Typical of the larger hatchetfish is the silver hatchetfish, Gasteropelecus sternicula. The German aquarist Florian Krieger has referred to these delightful animals as 'grey mice', a reference to their tendency to be overlooked in comparison to the jewels of the aquarium. Certainly, these aren't immediately eye-catching fish: they are basically silvery-grey in colour with a blue-grey stripe running from behind the pectoral fins to the base of the tail. But what does make these fish worth keeping is their liveliness. Silver hatchets squabble among themselves almost constantly, and will frequently engage in chases around the tank. Though no harm seems to be done, it's a good idea to make sure you keep more than two specimens so that one fish cannot constantly bully another. In fact all hatchets are best kept in schools of six or more, especially the smaller species. Silver hatchets are fairly robust animals and will adapt well to most conditions. Neutral, not too hard water seems to be best, and as far as tankmates go, pretty much anything not overtly aggressive or nippy will be tolerated. Unlike the smaller hatchetfish, these larger species will swim at all levels of the aquarium, and feeding presents no problems at all: they will eat anything small and meaty, including livebearer fry. Flake is also enjoyed. Silver hatchets appear to have insatiable appetites. They are rather active animals, and it might well be they need a little more food than comparably sized tetras. Healthy, well-fed hatchetfish should have a chunky shape when viewed from the front. Starved specimens often have concave flanks, and may need special care in a quarantine tank before they can be mixed in with ordinary community fish. Otherwise, once settled in, these fish are not particularly difficult to keep.

The spotted hatchetfish, Gasteropelecus maculatus, is one of the biggest species and can reach up to 9 cm/3.5" in length. Again, it is a silvery fish, though perhaps a shade more brilliant than the silver hatchet, and it is immediately recognisable thanks to the pattern of small blue-grey spots on the back half of the body. Given its size and shape, this fish can be very impressive when kept in a decent sized group, and while not as commonly traded as marble and silver hatchets, it is not too difficult to obtain. This species looks superb kept with things like angelfish and discus, but it could equally easily be kept with peaceful gouramis, climbing perch such as Ctenopoma acutirostre, clown loaches, or any other non-aggressive tankmate of suitable size. The spotted hatchetfish needs fairly soft, slightly acidic to neutral water conditions and plenty of oxygen. It is a bit less forgiving than the silver hatchetfish, and good filtration and plenty of water changes seem to be essential to long-term success with this species. A superb fish, to be sure, but one best suited to the more experienced aquarist.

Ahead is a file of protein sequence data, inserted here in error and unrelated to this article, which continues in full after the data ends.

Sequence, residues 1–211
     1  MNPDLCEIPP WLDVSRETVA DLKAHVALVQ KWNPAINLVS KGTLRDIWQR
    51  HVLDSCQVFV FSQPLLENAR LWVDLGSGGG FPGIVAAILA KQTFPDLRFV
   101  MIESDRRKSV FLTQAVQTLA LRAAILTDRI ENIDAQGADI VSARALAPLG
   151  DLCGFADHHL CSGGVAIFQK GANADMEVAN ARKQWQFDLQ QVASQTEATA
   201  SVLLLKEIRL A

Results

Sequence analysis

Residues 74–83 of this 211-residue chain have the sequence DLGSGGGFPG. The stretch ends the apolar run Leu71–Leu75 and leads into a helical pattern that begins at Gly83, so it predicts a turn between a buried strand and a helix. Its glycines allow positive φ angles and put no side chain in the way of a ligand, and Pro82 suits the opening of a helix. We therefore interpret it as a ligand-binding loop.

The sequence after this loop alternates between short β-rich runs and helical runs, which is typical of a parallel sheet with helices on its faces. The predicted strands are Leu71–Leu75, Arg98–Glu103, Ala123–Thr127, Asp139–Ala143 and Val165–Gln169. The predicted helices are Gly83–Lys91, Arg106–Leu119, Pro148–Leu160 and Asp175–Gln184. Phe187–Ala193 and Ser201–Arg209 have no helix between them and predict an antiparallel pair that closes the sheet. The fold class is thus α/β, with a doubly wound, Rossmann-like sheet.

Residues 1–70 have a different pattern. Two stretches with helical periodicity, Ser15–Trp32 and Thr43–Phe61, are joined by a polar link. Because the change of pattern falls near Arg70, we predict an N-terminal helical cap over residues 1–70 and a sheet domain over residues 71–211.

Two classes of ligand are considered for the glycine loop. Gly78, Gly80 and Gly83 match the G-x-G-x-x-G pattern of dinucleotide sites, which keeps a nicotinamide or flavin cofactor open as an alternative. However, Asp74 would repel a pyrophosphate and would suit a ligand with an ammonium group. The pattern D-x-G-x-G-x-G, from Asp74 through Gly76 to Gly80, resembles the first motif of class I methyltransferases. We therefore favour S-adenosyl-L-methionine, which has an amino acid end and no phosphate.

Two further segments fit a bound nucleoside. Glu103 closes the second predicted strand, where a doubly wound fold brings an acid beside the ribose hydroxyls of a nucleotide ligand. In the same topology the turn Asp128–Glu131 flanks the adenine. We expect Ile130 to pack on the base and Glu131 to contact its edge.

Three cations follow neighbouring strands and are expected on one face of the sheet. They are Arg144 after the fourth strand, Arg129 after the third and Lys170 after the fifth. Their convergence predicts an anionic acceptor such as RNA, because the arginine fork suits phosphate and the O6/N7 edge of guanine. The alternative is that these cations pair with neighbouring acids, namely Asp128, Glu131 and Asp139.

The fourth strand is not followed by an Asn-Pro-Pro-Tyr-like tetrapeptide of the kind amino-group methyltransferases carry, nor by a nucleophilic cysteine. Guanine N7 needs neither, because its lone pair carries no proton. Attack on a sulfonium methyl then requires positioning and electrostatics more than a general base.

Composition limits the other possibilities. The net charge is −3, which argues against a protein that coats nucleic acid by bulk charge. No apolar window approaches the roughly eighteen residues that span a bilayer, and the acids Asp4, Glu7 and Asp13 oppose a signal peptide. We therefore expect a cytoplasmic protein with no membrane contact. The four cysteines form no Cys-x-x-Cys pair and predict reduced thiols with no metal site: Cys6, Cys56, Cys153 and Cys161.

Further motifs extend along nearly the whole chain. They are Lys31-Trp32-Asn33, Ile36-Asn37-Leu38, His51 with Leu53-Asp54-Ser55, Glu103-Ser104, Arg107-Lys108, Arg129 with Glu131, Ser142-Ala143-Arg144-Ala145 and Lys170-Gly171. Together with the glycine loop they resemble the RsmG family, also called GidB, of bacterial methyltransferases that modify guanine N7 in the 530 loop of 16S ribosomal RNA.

Other fish not belonging to this family are sometimes called hatchetfish, including a great many deep-sea fishes. The only ones of importance to the aquarists are the minnows of the genus Chela, sometimes sold as 'Indian hatchetfish' or 'Asian hatchetfish'. While danio-like in terms of overall care, their body shape is strikingly similar to that of the characin hatchetfish discussed above. Chela caeruleostigmata in particular has the same deep body and extended pectoral fins as its namesakes. Unsurprisingly, these fish are adept jumpers as well, and need to be kept in a securely covered aquarium; in fact, one common name for these fish the 'leaping barb', which underlines nicely just how similar they are to the South American hatchetfish.